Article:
Gospel for Asia leaders are calling for intense prayer as relief teams reach out to minister to tens of thousands of families affected by India’s heaviest rains in 100 years.
After being bombarded with 26 inches (660mm) of rain in one day, Mumbai (Bombay) and other parts of western India suffered flooding that has killed at least 1,500 people.
And the latest forecast is for more rain!
GFA President K.P. Yohannan called the floods a “huge tragedy of unbelievable magnitude.” “More than 283,000 homes have been destroyed,” he explained, “and 16,000 villages have been hit.”
“These are people who live in shacks with dirt floors, and everything they owned was swept away.” Brother K.P. said that while the government is estimating that 5.5 million people have been affected, the number could be double that.
The GFA Compassion Services teams—including more than 100 pastors, staff and students—have been joined by dozens of laypeople providing food and other relief services in the face of continuing heavy rains.
“We have already launched relief operations and have set up camps at various locations in Mumbai,” said Pastor Mathew, a senior GFA leader. “Our system and volunteers are already in place. Pastor Sam, area coordinator for Mumbai, and Rev. Lalachan, our regional director, are coordinating the relief operations.”
The teams began by visiting five slum areas in Mumbai. More than 5 million people already struggle to exist in hundreds of slum colonies in the city, and most have yet to be reached with relief supplies. Many areas need medical help, drinking water, food, temporary housing, and the removal of debris and filth.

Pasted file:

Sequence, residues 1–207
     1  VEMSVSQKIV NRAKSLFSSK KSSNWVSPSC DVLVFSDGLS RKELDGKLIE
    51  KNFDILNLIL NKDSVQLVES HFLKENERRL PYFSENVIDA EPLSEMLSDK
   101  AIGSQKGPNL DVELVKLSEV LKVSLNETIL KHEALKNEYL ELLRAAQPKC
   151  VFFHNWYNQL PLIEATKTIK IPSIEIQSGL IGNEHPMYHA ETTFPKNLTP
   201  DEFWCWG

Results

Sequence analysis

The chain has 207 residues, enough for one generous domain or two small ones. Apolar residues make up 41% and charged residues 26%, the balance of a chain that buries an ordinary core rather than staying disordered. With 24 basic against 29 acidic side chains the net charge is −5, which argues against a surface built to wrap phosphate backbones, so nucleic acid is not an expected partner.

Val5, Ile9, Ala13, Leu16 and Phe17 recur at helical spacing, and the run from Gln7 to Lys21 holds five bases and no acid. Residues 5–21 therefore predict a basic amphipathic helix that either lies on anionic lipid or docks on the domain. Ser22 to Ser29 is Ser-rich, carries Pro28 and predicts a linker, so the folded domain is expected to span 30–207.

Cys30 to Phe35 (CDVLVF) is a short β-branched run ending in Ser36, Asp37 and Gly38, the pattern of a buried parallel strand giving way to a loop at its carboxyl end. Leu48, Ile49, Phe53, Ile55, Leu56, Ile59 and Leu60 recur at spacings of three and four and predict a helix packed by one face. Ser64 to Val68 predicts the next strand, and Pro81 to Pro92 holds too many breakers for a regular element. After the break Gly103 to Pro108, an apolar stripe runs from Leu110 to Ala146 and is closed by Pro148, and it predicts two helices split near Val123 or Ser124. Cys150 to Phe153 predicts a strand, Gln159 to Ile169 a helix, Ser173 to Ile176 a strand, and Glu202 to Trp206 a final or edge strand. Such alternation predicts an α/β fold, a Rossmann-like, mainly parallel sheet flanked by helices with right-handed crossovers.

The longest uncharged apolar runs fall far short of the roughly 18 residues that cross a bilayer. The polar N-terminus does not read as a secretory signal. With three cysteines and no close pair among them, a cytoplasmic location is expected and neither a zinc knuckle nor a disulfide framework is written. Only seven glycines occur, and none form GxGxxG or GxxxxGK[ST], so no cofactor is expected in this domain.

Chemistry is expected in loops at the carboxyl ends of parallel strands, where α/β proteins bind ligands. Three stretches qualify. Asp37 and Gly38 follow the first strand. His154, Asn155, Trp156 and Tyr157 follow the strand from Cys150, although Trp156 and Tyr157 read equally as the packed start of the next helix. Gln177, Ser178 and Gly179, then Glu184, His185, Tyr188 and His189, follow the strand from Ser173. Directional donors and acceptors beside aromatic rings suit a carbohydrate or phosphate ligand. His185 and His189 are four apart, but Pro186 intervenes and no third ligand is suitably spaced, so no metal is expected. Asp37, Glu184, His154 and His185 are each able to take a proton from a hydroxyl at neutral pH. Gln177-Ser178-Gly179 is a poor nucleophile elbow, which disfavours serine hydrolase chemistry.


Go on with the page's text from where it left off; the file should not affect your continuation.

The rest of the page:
A dozen churches led by GFA-supported missionaries in the slums were swept away by the powerful flood waters, and one was severely damaged by a landslide when rock and mud crashed into the roof. A GFA relief team will help the local believers repair the church building.
Eight GFA-supported missionaries had household items damaged, lost or destroyed by the rains, and the ground floor of the Mumbai Bible college was under four feet of water. Books and other materials were severely damaged, and the students were stranded on the upper floors for 48 hours.
International news agencies have reported power blackouts and a lack of drinking water in the city, with animal carcasses and human bodies floating in the streets causing fears of epidemics.
Government authorities in Mumbai have warned residents not to venture out of their homes for the next 24 hours because of the predicted additional rain. Traffic has come to a standstill. The army is on high alert, and government relief operations are on a wartime-footing. Schools, colleges and government offices have been closed. The trains and flights are either diverted or cancelled. And low-lying areas remain in great danger.
“About half of those killed in Maharashtra have died in Mumbai—drowned, electrocuted or buried in landslides,” one agency said. The flooding has even impacted the state of Kerala, in far South India, where GFA has its headquarters and seminary.
“Although few people died in Kerala, thousands are badly affected by the flood,” said Pastor Mathew. “Hundreds of people lost crops, houses and property. They have been virtually thrown to the streets.”
“The greatest immediate need in all the flood areas is for food, relief supplies, and shelter,” Brother K.P. said it will cost at least $500,000 for GFA Compassion Services to meet the immediate needs of those whose lives have been turned upside down by the floodwaters.
“In the name of Jesus, we simply must respond,” he declared.
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